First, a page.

We decided that we needed to change the system by starting with how we operate with our own clients and that began with not charging based on ad spend but a flat monthly rate – then we worked our hardest to reduce our clients ad spend by auditing the publishers for ad fraud and using optimization tools to maximize client RoI. But we then took it two steps further. We partnered with the Joint Task Force for Anti & Counter Corruption (JTACC), a non-profit charity organization, to use our data to actually go after these criminal networks and gather enough information to prosecute them and stop them in their tracks. We then partnered with TribeOS who are pioneers in this industry (and huge champions of anti-fraud) by not only reducing ad fraud into the single digits for our clients, but optimizing their ad spend by monitoring traffic in real-time to track source/click origins, what platforms they’re coming from and shifting ad dollars every.single.day. to maximize ad spend to where the magic is happening. We should mention the conversion rates are 9x higher through this optimization. Not only that, but those 1,518,207,412 sites floating on the internet that we mentioned earlier, they have the tools to check those websites and can identify whether it’s a bot moving through a website or a human – because they do behave differently. If that’s not enough for you, here’s a list of some of our ad optimization and anti ad-fraud features:
Site and App Scoring
IP Address Scoring
IP Address Filtering
User Agent Filtering
Cross Validation of Ads
IAB Categorization for Laundering Prevention
Custom Tracking Pixel
Interaction Tracking (Mouse Clicks, Scrolls, Traps)
Bespoke ‘Black’ and ‘White’ Lists of Sites and Apps
Facebook CPA Optimization
Google CPA Optimization
Detailed Reports for ROI Over Time
Detailed Reports for Visitors Over Time
In fact, our partners, TribeOS, recently conducted a test of 10,000 random websites to see how bad the ad fraud really is. The results were shocking: 93% of those website were ad fraud. Have a look at the table below on the full details of that test conducted.
Audience ad fraud?
Brands putting money into a system want to know, quite reasonably, where that money goes – to which site and to which audience. Ad fraud has become a cess pit of fake audiences, fake users, fake traffic, fake clicks and fake installs. It all boils down to the same goal: advertisers are made to pay for bogus exposure and clicks. What’s even worse is that ad agencies aren’t really interested in halting these practices because it doesn’t work in their favor. Most also farm out media buying to large media buying agencies who are less inclined to care nor do they have the capacity to track or audit these huge volumes of spend. But companies are beginning to fight back. Mark Pritchard, Chief Brand Officer, Proctor and Gamble recently stated that, “The days of giving digital a pass are over. It’s time to grow up. It’s time for action. P&G doesn’t want to waste time and money on a crappy media supply chain. Don’t wait for someone else to move.” He then followed that statement by conducting audits resulting in P&G cutting their digital ad spend by USD $200 million a year resulting in an increase of 10% in their reach. This is not small potatoes.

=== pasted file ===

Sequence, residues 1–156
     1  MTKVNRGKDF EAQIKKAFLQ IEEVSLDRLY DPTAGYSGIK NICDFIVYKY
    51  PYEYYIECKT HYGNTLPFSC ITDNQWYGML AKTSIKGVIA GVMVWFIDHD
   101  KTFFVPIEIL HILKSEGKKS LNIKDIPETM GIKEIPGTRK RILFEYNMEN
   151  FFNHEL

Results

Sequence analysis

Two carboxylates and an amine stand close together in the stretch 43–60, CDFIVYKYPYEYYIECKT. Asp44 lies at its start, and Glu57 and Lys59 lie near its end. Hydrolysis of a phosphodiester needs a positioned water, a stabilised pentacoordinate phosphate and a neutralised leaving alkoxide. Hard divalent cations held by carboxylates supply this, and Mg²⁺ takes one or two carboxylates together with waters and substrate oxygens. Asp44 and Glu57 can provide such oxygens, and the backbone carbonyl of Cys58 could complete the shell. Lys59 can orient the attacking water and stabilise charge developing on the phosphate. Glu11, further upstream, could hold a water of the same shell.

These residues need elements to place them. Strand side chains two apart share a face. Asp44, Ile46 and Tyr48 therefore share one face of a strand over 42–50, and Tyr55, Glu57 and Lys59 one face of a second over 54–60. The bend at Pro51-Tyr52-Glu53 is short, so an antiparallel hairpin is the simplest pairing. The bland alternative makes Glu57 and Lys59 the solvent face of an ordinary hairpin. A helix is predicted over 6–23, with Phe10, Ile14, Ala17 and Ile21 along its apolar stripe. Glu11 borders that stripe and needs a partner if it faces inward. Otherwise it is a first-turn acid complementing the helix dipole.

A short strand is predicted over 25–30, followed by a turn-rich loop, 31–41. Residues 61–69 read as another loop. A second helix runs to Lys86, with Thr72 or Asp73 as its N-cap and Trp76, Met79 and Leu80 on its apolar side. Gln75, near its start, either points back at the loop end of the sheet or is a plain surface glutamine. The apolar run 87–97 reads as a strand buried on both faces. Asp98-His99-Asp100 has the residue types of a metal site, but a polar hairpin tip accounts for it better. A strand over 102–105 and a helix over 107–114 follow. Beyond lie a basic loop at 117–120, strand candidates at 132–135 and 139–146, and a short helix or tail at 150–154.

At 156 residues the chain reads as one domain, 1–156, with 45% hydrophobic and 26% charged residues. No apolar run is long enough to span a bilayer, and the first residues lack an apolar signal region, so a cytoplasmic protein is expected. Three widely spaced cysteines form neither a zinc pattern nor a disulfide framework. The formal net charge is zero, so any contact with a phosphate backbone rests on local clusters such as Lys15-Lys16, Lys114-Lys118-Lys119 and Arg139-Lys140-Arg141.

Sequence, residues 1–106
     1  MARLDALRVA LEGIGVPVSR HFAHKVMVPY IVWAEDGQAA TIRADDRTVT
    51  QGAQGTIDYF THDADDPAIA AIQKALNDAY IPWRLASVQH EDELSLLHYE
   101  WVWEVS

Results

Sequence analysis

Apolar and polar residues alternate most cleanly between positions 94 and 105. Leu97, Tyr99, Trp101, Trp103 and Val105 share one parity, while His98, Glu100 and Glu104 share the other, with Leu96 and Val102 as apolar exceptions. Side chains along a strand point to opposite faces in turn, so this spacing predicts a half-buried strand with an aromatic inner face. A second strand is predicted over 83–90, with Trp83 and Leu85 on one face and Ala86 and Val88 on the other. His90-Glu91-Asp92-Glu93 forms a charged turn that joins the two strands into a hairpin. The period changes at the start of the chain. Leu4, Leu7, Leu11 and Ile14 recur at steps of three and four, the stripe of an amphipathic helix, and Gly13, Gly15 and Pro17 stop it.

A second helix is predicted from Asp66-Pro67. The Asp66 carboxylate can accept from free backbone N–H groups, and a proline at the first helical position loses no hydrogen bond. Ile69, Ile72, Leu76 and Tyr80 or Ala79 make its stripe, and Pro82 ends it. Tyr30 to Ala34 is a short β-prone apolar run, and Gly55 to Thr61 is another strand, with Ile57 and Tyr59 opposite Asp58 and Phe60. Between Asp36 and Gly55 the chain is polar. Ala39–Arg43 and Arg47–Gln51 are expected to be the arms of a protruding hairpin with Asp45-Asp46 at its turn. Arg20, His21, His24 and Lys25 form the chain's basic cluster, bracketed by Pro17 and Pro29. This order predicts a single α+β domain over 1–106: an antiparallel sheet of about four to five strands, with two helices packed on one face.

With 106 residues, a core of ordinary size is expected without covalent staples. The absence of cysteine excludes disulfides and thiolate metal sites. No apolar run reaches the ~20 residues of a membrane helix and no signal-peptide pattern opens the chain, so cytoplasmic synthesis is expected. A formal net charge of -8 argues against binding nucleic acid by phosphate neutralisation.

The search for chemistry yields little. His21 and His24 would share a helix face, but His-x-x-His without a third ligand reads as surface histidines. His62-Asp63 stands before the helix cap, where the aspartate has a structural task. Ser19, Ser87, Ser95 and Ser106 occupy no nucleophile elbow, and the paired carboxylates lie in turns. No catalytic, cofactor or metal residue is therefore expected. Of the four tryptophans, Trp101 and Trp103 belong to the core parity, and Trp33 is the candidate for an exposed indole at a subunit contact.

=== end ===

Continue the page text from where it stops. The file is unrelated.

Not only is ad fraud severely skewing campaign results, which companies base their entire budgets around, it costs jobs and business. Uber is suing five ad networks (Hydrane SAS, BidMotion, Taptica, YouAppi and AdAction Interactive) for purchasing “nonexistent, nonviewable or fraudulent advertising,” squandering collectively USD $70 million on low-quality or fraudulent ads. Google recently had to agree to refund advertisers for ads purchased on its ad marketplaces that ran on websites with fraudulent traffic, following a lawsuit claiming the tech giant was withholding the payments. Last year, Mundo Media filed for bankruptcy as a result of huge volumes of bot traffic and the loss of their major advertisers as a result – killing over 150 jobs.
Realizing that you are already a victim of ad fraud and that your brand safety could be at stake because you are directly funding criminal and terrorist organizations, is the first step. The second step is finding the right people and tools to help you stop this will not only maximize and reduce your ad spend, it will lead to higher conversions, exposure and save your brand reputation. Last but certainly not least, by working with us, you’re actually helping to change the system, lock up the bad guys and create a better and more transparent environment for everyone. How’s that for being an architect of change and sustainability?
You know where to find us